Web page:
One thing I have come to appreciate is the importance of agitation at each step. If you are simply putting the print in toner and walking away, the toning will likely be less than complete.

FWIW I think your first efforts are quite good, considering how you are making your negatives. There is an art to each step of this process, and there are a number of steps to master.
 

Finn lyle

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There should be no iron compounds left to remove by the time you get to the fixer, if the edta and citric acid clearing baths have done their job. Hypo is just to remove residual silver/gold salts- not Iron. Hence why it is often said for kallitype that you only fix for 0.5-1 minute. I agree with NMP that the acid could be etching the highlights out, or at least helping the fixer to etch. Pure tetrasodium EDTA is already rather alkaline, so letting the print sit in tap water probably wont be detrimental.
 
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KYsailor

KYsailor

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Thanks for the responses - I was developing with the B&S black developer, which I have read on Sandy Kings formula page is sodium Acetate with tartaric acid. I will try the gold toner with the thiourea... people seem to use this rather than the simple gold chloride/citric acid. I have never seen a comparison or a rationale why either is used. Mr O'Neill and others - how long do you leave the prints in the toner?

I humidify my paper by keeping it spread out in the drawers of an old chest with a pan of water in the bottom drawer ( it has a cover over the extreme bottom so the humidity stays inside) and Louisville and in my basement it is usually pretty humid.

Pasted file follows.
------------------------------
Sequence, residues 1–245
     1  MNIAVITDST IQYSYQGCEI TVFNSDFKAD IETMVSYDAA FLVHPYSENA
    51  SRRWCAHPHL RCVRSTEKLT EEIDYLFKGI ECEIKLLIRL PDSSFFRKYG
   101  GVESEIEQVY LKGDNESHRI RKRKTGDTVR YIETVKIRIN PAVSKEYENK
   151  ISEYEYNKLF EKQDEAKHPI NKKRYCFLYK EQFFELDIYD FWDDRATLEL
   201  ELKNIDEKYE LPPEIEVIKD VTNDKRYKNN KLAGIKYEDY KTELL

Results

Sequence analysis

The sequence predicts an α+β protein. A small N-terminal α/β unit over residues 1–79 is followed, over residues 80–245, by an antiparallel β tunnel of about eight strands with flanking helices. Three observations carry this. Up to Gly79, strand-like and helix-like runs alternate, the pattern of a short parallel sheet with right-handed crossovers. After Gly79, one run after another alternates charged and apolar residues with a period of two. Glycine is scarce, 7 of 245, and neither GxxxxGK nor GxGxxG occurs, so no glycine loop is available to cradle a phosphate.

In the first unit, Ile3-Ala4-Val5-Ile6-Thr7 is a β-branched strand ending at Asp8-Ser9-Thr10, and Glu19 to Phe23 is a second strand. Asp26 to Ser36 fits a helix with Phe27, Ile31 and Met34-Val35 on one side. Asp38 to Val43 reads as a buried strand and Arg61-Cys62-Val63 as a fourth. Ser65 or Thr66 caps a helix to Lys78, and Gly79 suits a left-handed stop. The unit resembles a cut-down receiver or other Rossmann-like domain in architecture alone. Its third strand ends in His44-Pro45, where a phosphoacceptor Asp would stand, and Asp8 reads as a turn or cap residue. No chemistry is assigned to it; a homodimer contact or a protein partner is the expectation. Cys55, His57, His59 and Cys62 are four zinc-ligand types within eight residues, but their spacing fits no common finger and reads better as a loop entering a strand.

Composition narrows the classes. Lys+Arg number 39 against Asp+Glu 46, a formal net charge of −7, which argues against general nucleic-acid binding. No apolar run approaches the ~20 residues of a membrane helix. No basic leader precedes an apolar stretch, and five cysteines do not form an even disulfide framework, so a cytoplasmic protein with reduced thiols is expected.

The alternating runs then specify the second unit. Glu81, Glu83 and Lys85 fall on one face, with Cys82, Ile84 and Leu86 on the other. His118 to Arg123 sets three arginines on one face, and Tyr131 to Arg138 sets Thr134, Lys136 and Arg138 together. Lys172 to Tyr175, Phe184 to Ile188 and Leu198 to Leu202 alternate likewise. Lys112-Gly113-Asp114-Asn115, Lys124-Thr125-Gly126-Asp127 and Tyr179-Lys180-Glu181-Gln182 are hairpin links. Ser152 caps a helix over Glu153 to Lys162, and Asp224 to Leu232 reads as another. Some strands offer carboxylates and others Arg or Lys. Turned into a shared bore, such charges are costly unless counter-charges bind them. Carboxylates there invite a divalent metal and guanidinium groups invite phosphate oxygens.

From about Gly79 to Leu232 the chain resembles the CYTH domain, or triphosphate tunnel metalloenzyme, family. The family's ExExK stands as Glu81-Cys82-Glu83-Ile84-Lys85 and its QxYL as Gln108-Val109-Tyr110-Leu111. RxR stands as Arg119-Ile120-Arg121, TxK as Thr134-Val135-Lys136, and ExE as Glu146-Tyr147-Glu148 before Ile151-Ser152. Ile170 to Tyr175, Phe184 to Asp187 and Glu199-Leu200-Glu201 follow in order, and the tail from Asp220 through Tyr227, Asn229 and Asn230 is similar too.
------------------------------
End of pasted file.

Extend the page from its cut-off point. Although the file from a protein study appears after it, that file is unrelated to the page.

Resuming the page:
I will probably try to do a quick but more active rinse after the fix and get it into the hypo clear pretty quickly. before a final wash in tap - It sounds as if I shouldn't be too worried about my slightly akaline tap water for the final rinse.

Sanders, that was my thought that the process should be kept on the acidic side ... I really had no problem clearing with the Revere paper - as an experiment I coated a test of Arches WC and some "no name" 100% cotton WC paper - both must have been buffered --- and they didn't clear and had only a faint image ... so the Revere was great. Thanks for your suggestion and as you noted it is not unreasonably priced.

I will take the agitation suggestion into account as well - I was parallel processing several test prints and most likely was not agitating all of them as much as I should have - I should focus on each print as it goes through the process.

Again thanks to everyone for you thoughts and suggestions

Dave
 

Rolleiflexible